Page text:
545 F2d 18 Richard's Lumber and Supply Company v. United States Gypsum Company

545 F.2d 18

1976-2 Trade Cases 61,135

Richard's Lumber and Supply Company, as
representatives of a class, Plaintiffs-Appellants,
UNITED STATES GYPSUM COMPANY et al., Defendants-Appellees.

No. 76-1245.

United States Court of Appeals,
Seventh Circuit.

Argued June 10, 1976.
Decided Sept. 20, 1976.1
Rehearing and Rehearing En Banc Denied Oct. 14, 1976.

John Bernard Cashion, Chicago, Ill., for plaintiffs-appellants.

James G. Hiering, Frederic J. Artwick, Chicago, Ill., for defendants-appellees.

Before PELL, TONE and BAUER, Circuit Judges.


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The gist of the antitrust violation charged in this private treble-damage action is that a gypsum wallboard manufacturer induced the specification of its wallboard in residential construction projects by granting rebates to the developers of the projects. Plaintiff is a retail building materials dealer which sold wallboard to drywall contractors, who installed it in construction projects. The defendants, in addition to the wallboard manufacturer, are developers of construction projects who received rebates. We affirm the District Court's judgment in favor of the defendants.


Plaintiff is Richard's Lumber and Supply Company, an Illinois retail dealer in building supplies. It brings this action against United States Gypsum Company (USG), which manufactures gypsum wallboard used in home construction, Kaufman and Broad, Inc. (K & B), which engages in the construction and sale of residential housing, and two K & B subsidiaries which carry on construction activities in Illinois. Plaintiff's allegations are in substance as follows: Gypsum wallboard is a homogeneous product which does not vary from manufacturer to manufacturer. From 1968 through 1972 there existed an arrangement between USG and K & B whereby K & B received a rebate, or "corporate discount" (calculated on a sliding scale, as a percentage of the price paid for USG board), on USG gypsum wallboard purchased for use in its developments.2 The purchasers of the board were drywall contractors engaged by the K & B subsidiaries. The contractors purchased the board from plaintiff and other building materials dealers. To ensure the maximum possible usage of USG board in their projects, K & B subsidiaries were told by the parent to specify USG board to their drywall contractors, and USG sales representatives reported monthly to each subsidiary (which cross-checked their figures) and to K & B on the amount of USG wallboard that had been purchased for use in K & B developments. Each month USG paid the rebate to the parent. It is alleged that this arrangement between what plaintiff describes as the country's largest manufacturer of gypsum wallboard and the country's largest home-builder constituted illegal price-fixing.3 Richard's adds in its second amended complaint that the existence of this rebate plan "compelled" it to sell only USG wallboard to contractors working for K & B subsidiaries (except when USG supplies became scarce) and thus forced it to buy the more expensive USG products. Richard's also alleges that the agreement produced artificially high prices for USG board. All this, it is alleged, damaged Richard's in the sum of $20,000.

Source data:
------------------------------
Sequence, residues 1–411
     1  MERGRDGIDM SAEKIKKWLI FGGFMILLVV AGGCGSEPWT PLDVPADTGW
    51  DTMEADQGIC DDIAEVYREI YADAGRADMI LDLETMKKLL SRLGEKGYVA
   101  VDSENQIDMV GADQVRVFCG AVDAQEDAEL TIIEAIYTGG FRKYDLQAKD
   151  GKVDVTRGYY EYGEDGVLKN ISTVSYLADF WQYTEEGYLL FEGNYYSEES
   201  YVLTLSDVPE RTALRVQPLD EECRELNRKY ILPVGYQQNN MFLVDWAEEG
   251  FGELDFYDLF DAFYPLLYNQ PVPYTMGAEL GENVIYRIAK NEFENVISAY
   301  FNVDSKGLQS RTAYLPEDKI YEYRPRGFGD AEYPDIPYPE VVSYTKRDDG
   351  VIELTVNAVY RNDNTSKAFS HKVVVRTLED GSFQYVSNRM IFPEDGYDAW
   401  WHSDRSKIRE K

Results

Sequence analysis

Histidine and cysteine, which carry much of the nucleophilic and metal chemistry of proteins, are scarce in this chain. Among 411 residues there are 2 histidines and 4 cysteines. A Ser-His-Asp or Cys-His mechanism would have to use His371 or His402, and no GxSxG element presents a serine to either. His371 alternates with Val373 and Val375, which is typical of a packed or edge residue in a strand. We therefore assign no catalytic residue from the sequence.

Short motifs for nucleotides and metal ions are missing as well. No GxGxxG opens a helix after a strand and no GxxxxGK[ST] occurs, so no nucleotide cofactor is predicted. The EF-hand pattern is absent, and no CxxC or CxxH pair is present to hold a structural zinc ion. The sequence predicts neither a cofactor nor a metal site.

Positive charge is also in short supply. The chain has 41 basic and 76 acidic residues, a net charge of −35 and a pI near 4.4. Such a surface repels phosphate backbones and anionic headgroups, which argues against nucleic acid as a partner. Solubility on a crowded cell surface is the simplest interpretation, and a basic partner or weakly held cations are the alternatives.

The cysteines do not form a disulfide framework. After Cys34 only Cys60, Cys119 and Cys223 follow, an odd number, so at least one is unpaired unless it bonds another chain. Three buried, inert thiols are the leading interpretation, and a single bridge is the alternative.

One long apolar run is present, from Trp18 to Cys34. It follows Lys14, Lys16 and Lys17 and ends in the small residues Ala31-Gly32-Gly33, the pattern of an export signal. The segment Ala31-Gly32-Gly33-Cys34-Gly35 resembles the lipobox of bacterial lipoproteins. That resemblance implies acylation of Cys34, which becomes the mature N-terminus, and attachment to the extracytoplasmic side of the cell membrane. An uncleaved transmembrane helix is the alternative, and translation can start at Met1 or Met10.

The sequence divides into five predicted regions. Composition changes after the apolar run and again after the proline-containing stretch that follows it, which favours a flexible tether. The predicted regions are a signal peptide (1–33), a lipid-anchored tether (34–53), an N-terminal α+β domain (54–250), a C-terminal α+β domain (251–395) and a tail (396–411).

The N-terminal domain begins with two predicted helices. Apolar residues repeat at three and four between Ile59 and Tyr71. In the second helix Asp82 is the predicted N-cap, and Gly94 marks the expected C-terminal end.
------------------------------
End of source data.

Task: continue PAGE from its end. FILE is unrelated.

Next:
The District Court granted USG's motion for summary judgment, holding that plaintiff's action against USG was barred by a covenant not to sue executed on behalf of a class of which plaintiff was a member in consideration of the settlement of a prior antitrust class action against USG and other gypsum manufacturers. (The court also entered judgment in favor of the other defendants. Only the United States Gypsum judgment is dealt with in this opinion. See note 1, supra.)


In In re Gypsum Cases, 386 F.Supp. 959 (N.D.Cal.1974), USG was a defendant in a complex class antitrust action, in which it and several other manufacturers of gypsum wallboard were charged with a conspiracy to fix prices. In 1973, under the supervision of the district court, a settlement agreement was reached in which the defendants paid $67,640,000 (with USG paying the major portion of it) in return for the following agreement not to sue, executed on behalf of the various plaintiff classes: